Back in my college days, my friends and I would find ourselves at some Korean bar almost every weekend (and some weekdays). The alcohol was limited to only soju but the prices were cheap and the food always hit the spot. Now that I have grown up a bit, we like to think of ourselves a little classier and visit lounges with whiskey and scotch on their menus. It was only recently when I was reminded of how good Korean bar food is and how cheap the drinks are. One of the classic dishes my friends and I almost always get is budae jjigae, also known as Korean army base stew. It’s a hodgepodge of ingredients thrown in together from spam to ramen noodles to kimchi to various vegetables and it’s oh so delicious!

budae jjigae
budae jjigae

Serves 4

Budae jjigae

45 minTotal Time

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    Dashi broth
  • 3 dried shiitake mushrooms
  • 1 3x3 inch dried kelp piece
  • 1/2 onion, peeled, left whole
  • 2 garlic cloves, whole
  • 1 tbsp dried shrimp
  • 5 dried anchovies, guts removed
  • 6 cups water
  • Stew
  • 1/2 onion, sliced
  • 1 carrot, sliced on a bias
  • 2 cloves garlic, minced
  • 1/2 can spam, sliced
  • 4 ounces pork belly, cut into 1 1/2 inch pieces
  • 1 cup kimchi, chopped
  • 4 ounces tofu, sliced
  • 1 cup rice cakes, fresh
  • 1 package instant ramen noodles
  • Seasoning spice
  • 2 tbsp Korean red chili powder (gochugaru)
  • 1 tbsp Korean red chili paste (gochujang)
  • 1 tbsp soy sauce
  • 1 tbsp rice wine


  1. Prepare dashi broth. Combine all ingredients from dried mushrooms to water in a medium stockpot. Bring to a boil over high heat. Reduce to a simmer and cook for 20 minutes. Remove from heat and strain stock, discarding ingredients.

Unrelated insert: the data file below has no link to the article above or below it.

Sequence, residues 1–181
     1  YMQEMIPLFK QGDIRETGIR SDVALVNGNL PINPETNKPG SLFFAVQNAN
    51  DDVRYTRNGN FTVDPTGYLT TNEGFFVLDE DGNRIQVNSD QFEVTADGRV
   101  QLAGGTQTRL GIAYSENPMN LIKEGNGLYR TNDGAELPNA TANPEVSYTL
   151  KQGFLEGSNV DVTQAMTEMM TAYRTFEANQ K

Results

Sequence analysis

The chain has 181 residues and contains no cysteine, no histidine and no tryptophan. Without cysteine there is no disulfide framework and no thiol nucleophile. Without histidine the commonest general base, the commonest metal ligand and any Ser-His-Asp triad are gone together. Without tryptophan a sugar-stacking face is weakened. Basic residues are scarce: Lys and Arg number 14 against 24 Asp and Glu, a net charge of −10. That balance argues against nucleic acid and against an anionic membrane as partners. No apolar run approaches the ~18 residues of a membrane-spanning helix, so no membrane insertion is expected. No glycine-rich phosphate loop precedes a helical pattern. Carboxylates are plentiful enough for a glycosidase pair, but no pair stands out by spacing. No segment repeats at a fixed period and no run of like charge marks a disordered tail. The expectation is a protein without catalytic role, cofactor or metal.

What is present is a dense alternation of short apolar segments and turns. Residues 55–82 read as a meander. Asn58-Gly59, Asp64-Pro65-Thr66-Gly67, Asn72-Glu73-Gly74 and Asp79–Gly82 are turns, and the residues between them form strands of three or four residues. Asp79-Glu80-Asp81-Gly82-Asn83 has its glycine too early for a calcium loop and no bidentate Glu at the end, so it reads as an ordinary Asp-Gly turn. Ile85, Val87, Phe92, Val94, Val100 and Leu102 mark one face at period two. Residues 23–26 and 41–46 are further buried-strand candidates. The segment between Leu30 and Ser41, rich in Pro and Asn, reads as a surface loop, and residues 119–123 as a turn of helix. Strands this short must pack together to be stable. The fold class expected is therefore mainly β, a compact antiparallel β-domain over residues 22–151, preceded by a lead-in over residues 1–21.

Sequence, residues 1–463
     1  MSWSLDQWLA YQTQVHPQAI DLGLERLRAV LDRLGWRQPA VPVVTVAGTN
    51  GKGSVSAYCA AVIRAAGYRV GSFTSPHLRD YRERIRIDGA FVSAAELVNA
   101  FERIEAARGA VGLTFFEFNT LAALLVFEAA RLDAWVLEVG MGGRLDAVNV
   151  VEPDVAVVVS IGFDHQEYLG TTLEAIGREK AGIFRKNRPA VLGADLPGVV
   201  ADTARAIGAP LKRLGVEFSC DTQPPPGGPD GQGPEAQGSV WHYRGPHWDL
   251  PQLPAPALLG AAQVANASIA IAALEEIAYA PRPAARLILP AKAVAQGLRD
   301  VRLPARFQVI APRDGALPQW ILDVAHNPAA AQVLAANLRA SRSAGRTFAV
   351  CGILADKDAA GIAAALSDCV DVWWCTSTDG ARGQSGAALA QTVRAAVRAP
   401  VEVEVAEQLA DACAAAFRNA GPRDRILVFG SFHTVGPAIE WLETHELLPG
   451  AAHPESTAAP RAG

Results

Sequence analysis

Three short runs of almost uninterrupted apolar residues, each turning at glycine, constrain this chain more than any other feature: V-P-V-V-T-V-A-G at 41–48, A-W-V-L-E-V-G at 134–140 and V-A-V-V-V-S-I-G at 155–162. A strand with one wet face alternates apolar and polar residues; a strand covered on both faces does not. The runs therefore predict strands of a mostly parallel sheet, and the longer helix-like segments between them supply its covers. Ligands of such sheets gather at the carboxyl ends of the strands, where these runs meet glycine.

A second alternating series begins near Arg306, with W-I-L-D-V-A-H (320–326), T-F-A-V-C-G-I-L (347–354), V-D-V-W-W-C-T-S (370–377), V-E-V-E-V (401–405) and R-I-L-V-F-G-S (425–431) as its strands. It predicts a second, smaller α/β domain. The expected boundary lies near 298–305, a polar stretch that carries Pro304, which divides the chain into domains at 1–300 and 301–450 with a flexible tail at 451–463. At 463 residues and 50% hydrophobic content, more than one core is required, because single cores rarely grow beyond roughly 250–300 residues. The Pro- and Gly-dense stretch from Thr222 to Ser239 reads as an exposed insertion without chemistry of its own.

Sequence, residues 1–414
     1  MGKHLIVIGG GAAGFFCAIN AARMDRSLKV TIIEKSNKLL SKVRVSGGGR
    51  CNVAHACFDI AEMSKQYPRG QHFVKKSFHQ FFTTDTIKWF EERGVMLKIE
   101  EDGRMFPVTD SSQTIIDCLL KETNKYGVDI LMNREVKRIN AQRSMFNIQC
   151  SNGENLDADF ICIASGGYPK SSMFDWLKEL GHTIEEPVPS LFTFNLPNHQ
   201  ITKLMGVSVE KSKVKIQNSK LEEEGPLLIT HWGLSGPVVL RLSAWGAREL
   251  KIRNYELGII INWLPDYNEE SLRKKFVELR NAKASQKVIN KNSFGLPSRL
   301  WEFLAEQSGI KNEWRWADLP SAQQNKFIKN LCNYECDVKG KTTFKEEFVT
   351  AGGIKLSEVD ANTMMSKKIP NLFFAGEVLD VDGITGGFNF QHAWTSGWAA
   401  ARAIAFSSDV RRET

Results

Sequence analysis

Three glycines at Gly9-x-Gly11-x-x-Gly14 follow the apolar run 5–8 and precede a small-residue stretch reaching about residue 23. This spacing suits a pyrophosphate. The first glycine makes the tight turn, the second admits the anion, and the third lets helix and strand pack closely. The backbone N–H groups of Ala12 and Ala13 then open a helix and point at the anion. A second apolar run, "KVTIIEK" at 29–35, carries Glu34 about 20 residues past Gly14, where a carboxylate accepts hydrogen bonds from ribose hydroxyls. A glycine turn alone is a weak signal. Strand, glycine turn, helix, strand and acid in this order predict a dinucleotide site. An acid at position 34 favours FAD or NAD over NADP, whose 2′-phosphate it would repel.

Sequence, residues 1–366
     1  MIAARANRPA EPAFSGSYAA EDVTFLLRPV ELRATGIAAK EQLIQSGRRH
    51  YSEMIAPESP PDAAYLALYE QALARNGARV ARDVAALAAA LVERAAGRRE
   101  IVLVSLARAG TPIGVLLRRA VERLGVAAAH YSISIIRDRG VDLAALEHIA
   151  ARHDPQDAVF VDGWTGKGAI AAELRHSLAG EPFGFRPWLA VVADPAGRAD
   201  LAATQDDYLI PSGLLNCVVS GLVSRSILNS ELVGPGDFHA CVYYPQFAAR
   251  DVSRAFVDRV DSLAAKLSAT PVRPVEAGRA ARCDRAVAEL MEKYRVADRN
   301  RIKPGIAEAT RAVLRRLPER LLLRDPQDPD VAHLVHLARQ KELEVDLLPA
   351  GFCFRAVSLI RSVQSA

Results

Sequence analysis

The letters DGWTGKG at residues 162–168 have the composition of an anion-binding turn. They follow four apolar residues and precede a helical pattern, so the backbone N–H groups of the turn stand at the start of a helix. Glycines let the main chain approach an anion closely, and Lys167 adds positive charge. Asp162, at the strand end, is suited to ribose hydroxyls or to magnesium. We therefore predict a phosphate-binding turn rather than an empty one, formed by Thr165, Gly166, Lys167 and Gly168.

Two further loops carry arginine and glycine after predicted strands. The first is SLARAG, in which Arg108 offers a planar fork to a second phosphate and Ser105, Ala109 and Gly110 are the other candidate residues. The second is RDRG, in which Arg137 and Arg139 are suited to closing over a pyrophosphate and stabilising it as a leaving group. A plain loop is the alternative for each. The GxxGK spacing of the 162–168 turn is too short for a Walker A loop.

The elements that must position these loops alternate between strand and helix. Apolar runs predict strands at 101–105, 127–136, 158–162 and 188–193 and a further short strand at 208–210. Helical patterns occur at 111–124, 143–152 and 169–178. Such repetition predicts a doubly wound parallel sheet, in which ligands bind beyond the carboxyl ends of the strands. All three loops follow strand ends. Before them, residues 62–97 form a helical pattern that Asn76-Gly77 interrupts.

2. Heat wide pot over medium-high heat. Add 1 tbsp oil and saute onion, carrot, and garlic. Cook until onions have softened, about 3-4 minutes. Arrange the spam, pork belly, kimchi, tofu and rice cakes in the pot. Pour in the dashi broth and bring to a boil.
  3. Mix together the seasoning spice from the red chili powder to the rice wine. Add to the soup and mix together. Reduce heat to a simmer and cook for another 5 minutes.
  4. Add the ramen noodles and cook until done about 3-5 minutes. Remove from heat and serve.



172 cal


6 g


23 g


7 g
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**Helpful tips and common mistakes

Budae jjigae is a poor man’s soup. People created the dish using leftover ingredients from the army facilities, hence the name Korean army base stew. Today, it’s served as a popular dish at Korean bars and restaurants. There are many different variations, some including rice cakes, others with hot dogs and some even with cheese, but this recipe is a combination of my favorite ingredients.

Create a flavorful broth as the base for the stew. Dashi is a Japanese stock that is commonly used in Korean soups and stews. If you can’t find all of the ingredients, you can also purchase dashi stock powder. The powder is similar to chicken bouillon; simply add water and you’re good to go.

Most people let the ingredients simmer in the broth but I like to saute the onions, carrots, and garlic to add more flavor to the stew.

If fresh rice cakes aren’t available, purchase the frozen package. Rice cake ovalettes are most often used for stews but I like to use the oblong shape as well. Soak the frozen rice cakes in room temperature water for 30 minutes before cooking.

Once the ingredients are in the dashi, make it spicy with the seasoning mixture of chili paste, soy sauce, chili flakes, and rice wine. Add more or less of the chili paste and flakes depending on how spicy you want your stew.budae jjigae

Add the ramen noodles last since they cook quickly.budae jjigae

Serve in the same pot the budae jjigae was prepared in and let the diners scoop out the soup themselves. They can pick and choose which fillings they prefer; that’s half the fun! Great for drinking, the day after drinking, or just a sober night of fun.budae jjigae



Looking for someone to come to your house and prepare these dishes for you? It is possible! If you are in Los Angeles and looking for a private chef, please feel free to contact me. For more information, visit Private Kitchen Los Angeles.